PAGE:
Partula Snail - Jennie MillerMuch of the Partulid snail diversity was lost however, because of a botched attempt at what is known as “biological control”, or the control of a pest by the introduction of a natural enemy or predator. In 1967, giant African land snails were introduced to Tahiti and other south Pacific islands to serve as a source of protein for local people. However, some African snails escaped, bred very rapidly, and began eating farmers’ crops, threatening the local economy. To control the African snails, Florida rosy wolf snails were introduced a decade later, but the wolf snails preferred to eat the Partulid snails, which caused the extinction of many of the Partulid species.

Thankfully, before complete extinction, P. nodosa snails were placed at several zoos including the Detroit Zoo, where they’ve been maintained off-exhibit in a collaborative effort of the Bird, Reptile and Amphibian departments. Now that the captive population has grown sufficiently and a protected area has been established on Tahiti, we can officially say that this species has been saved.

– Paul Buzzard

Animal Welfare: Through the Looking Glass

Stephanie Allard, Ph.D., is the Director of Animal Welfare for the Detroit Zoological Society and oversees the Center for Zoo Animal Welfare.

Glass enclosures like those in the Holden Reptile Conservation Center at the Detroit Zoo are designed to provide visitors with less obstructed views of the animals and bring them even closer. These clear barriers can also easily lend themselves to direct contact by both the visitors and the animals – visitors can press their hands and faces right up to the glass, and even knock or bang on the glass. As it appears to be a common occurrence in zoos and aquariums, it’s important to us that we understand what effect, if any, that this visitor behavior has on the animals.King Cobra - Jeff Jundt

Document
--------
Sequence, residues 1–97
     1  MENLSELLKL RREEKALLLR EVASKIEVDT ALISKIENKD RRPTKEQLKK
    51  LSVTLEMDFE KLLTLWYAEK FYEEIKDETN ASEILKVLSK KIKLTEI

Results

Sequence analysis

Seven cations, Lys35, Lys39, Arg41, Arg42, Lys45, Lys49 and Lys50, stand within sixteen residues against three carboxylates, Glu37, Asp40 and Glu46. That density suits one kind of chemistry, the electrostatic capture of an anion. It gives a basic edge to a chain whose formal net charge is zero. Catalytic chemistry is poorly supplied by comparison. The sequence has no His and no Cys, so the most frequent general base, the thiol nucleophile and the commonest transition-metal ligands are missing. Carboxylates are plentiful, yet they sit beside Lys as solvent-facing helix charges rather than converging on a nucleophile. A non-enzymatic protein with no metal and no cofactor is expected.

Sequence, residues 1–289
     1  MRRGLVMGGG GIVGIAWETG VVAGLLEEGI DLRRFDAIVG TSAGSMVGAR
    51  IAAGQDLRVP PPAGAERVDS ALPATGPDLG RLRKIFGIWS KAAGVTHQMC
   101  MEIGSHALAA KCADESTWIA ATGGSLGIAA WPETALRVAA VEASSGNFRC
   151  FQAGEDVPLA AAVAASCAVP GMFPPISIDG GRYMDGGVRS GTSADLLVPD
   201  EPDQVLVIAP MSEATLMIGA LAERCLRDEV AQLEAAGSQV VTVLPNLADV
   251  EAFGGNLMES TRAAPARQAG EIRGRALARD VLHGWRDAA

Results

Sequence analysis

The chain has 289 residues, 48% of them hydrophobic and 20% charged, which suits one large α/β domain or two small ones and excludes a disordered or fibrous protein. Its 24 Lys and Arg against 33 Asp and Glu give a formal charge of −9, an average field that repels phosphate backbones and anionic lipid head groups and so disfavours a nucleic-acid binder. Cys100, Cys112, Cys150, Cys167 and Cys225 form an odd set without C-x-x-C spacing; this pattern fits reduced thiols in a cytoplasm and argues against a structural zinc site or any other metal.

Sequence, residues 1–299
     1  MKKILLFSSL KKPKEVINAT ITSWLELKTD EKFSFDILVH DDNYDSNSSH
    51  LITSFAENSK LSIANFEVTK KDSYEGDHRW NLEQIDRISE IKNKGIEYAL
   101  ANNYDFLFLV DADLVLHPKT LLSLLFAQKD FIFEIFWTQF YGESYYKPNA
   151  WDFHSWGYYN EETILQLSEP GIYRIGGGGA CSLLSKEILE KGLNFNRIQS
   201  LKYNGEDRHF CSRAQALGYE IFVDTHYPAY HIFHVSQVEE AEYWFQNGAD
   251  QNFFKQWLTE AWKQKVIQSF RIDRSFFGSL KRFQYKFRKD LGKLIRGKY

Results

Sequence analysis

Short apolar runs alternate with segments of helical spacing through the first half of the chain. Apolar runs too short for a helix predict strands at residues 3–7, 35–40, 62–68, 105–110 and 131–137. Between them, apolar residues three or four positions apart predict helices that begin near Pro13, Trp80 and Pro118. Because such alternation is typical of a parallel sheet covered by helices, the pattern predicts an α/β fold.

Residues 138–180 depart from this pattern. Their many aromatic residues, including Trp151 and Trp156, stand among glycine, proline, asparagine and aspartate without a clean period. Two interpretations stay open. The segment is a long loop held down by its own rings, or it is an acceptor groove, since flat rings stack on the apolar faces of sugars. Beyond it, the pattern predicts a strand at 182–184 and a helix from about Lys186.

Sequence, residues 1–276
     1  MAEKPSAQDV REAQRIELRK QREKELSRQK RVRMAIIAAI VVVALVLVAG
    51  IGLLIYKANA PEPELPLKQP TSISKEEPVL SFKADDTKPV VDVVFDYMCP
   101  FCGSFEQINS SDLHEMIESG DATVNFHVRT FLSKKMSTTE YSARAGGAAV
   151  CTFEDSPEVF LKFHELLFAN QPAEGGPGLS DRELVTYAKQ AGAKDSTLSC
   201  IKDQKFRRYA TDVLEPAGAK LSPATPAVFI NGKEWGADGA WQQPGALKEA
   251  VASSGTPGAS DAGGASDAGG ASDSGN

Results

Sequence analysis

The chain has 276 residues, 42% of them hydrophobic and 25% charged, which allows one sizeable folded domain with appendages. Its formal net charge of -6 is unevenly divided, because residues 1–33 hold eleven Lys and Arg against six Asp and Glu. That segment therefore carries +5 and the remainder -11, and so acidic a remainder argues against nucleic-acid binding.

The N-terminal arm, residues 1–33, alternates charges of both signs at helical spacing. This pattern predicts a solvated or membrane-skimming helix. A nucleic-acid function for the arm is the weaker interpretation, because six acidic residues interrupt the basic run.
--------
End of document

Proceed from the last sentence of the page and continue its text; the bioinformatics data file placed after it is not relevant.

While this topic has not been well researched thus far, the Center for Zoo Animal Welfare at the Detroit Zoo is in the midst of a study designed to determine if there is an impact on the welfare of reptiles when visitors knock on the glass of their enclosures.

We first wanted to determine if there were specific enclosures or species that were being targeted by visitors, and we learned that this was not the case. Next, we want to determine if there is a behavioral response by the animals to the visitors interacting with the glass. We recorded video footage of the individuals before and after visitors interacted with the glass of the enclosure. We are currently comparing that behavioral data to other data collected at times during which there were no visitor interactions.

Tortoise - Roy LewisBased on what is known about reptiles, we may find in this study less behavioral evidence of their reactions to their environment. But an important thing to keep in mind is that just because we can’t see a reaction, it doesn’t mean the individual animal isn’t affected.

Therefore, the final phase of this study will attempt to look for any changes in hormone levels – specifically corticosterone, which is the reptile and avian equivalent to cortisol in humans – during times with little to no visitor interactions and those with more. This part will be a bit trickier, as the means by which we collect hormone information non-invasively in mammals – by measuring levels in feces or saliva, for example – is not as easily done with reptiles. We are excited by the challenge however, as the welfare of every animal is important, including the ones that people might not relate to as easily.

– Dr. Stephanie Allard